Sustainability… it’s the buzz word of the moment! We all know we should be trying our best to be kind to the earth, so it can continue to support our children and our children’s children…. but, sometimes, it all just seems a bit too hard! After reading Healthy Planet, Healthy People, Healthy Home – Create a Sustainable Home You Love by Helen from Recycled Interiors, and also chatting to Ilona from Otti Made, I’ve been super motivated to start making more of a difference. I’m not about to become an off-the-grid vegan hippy… because as Ilona said in her interview…
“…all any of us can do is our best. Our locations, our financial circumstances, our support systems and our emotional state all have an impact on just how far we can go to being sustainable custodians of the patch of earth we find ourselves on. So don’t beat yourself up if you can’t catch public transport to work. Or grow your own veges, or use cloth nappies. Just do the best you can with what you have.”
And Ilona is absolutely right… no I can’t catch public transport, and sorry but cloth nappies just aren’t going to happen! But there are the things that I CAN do, and maybe you can too… Here’s 8 totally achievable and actionable steps that you can take today to make your home more sustainable! And most of them cost you nothing!!
Yes we’ve all got that yellow lid bin, and we’re putting a bit of stuff in it, but are you using it to its full potential? I know I am definitely guilty of not making the most of recycling, so I am making a real effort to check my rubbish for recycling logos and recycle a lot more. If your plastic has a 1-6 in the recycling symbol it’s suitable for kerbside recycling. Here’s a handy website reference on what the numbers mean! I think I’m aceing this one… the recycling bins are overflowing now, and the general rubbish bins are not!
A huge proportion of our ‘eco footprint’ comes from the food we buy, so there is heaps of potential for improving in this area! I’m trying to be really mindful of what I’m buying at the shops to cut down on food wastage. I’ve found that menu planning really helps me with this, (read more about menu planning here). It means I only buy what we will actually eat for the week. Of course, we all still have food wastes, but what are you doing with it? We are lucky to have chooks, so our scraps go to them. A compost bin or worm farm might work perfectly at your home. Helen has a great blog post here about considering your food.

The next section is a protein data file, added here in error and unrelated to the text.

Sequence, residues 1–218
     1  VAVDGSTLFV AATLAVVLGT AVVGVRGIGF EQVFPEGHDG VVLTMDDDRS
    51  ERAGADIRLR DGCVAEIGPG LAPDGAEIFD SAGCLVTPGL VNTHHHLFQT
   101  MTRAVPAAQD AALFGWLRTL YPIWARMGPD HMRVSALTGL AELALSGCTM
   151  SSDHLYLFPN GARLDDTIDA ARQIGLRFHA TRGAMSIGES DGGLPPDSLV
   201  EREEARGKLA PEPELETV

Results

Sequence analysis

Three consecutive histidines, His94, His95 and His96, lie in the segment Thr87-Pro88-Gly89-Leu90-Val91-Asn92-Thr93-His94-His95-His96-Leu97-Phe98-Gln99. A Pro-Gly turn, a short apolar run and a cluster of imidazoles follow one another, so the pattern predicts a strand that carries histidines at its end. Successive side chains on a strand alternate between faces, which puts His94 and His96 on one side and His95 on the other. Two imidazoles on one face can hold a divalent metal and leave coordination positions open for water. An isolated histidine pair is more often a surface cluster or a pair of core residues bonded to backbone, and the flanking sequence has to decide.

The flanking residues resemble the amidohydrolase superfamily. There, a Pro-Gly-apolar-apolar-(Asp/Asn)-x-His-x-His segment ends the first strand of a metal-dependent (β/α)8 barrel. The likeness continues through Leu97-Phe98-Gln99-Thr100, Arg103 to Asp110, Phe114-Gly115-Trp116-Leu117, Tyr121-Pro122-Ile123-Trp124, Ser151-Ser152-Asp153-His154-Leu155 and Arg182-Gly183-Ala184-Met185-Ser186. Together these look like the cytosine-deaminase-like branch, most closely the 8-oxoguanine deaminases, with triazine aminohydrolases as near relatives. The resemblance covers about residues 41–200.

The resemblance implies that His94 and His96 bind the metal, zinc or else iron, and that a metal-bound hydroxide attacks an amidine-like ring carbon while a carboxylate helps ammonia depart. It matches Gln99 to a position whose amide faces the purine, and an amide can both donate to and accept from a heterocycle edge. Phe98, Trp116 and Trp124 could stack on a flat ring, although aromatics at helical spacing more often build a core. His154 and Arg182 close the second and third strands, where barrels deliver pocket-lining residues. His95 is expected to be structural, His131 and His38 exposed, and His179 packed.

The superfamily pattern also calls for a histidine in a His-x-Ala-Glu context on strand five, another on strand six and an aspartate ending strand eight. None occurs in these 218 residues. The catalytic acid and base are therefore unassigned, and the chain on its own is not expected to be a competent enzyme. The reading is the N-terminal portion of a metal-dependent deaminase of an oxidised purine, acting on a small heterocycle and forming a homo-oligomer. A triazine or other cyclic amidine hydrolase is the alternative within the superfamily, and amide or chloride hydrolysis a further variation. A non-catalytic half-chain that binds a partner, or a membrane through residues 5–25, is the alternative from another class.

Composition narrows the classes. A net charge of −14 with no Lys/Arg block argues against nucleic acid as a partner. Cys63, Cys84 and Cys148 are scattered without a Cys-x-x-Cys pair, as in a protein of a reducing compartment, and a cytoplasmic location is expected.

Re-think your shop
I’m not talking about changing every single item in your household over to a more sustainable option today…just start small. I chose a few products (washing detergent and dishwashing detergent), and rather than reaching for my go-to-brand, I had a good look at the supermarket and tried to choose the best option. Next week I’ll check out some more things… baby steps!
Grow your own
If you have a blank patch in your garden, why not turn it into a vegie patch! Growing your own vegetables is great for the environment, but is also a great way for kids to learn about where food really comes from. We’re lucky to have lots of room for a vegie patch, but if you don’t perhaps try some pots with some herbs or a fruit tree. Anything is better than nothing! Herbs are easy to grow, and it’s lovely to have fresh herbs at your finger tips. (For info on propagating your own herbs go here). I hated that the ‘fresh’ herbs from the supermarket were packaged in so much plastic, and were also so pricey. I’ve got my favs in some pots, so I can move them around the garden depending on the season, and I never buy herbs from the supermarket anymore!
Change your light bulbs, and then turn them off!
Surely we’ve all done this already… but if you haven’t, make sure you switch your light bulbs over to compact fluorescent lightbulbs (CFLs). Yes they are more expensive to buy, but they are reported to use ¼ of the energy and last years longer than traditional globes. Switching your light bulbs goes a long way to cut down on your energy consumption… which of course also saves you money! CFLs are another thing you should definitely be recycling too, because they do contain mercury. And what’s even better than switching your light bulbs over…turning them off! Open the curtains and let the natural light in during the day.
Find the cracks…
A lot of the heat loss and gain occurring in your house is probably through cracks and gaps in your home, especially if you have an old home like me! Making your home as airtight as possible helps to cut down on the energy and expense of heating and cooling. I’ve invested in some good quality curtains and blinds and we shut off the air conditioner vents when they’re not in use. Door draft stoppers are a good idea if your doors are a little wonky.
I’m trying my best to be mindful of when I’m consuming and really don’t need to be.
Some of the things that I’m doing (in the middle of winter) are:
-turning off lights and letting the natural light and warmth in during the day
-closing blinds and curtains as soon as it gets cooler at night
-hanging clothes on the line as much as possible, and avoiding using the dryer
-shutting of sections of the house that don’t really need to be kept warm (bathroom, laundry, office etc)
It’s no secret I love a little DIY project! Lately I’ve used old soup tins instead of buying new planters (here), revived an old farmhouse stool from my grandparents (here), chalk painted an old table and tall boy (here and here) and also made a coat rack (post to come soon!). Anytime I’m using old things and not buying new ones, I’m cutting down on my footprint.
What changes can you make in your home today? I’d love to hear about what you’re doing to make your home more sustainable…. just do your best!
See you next time…Keep Chasing…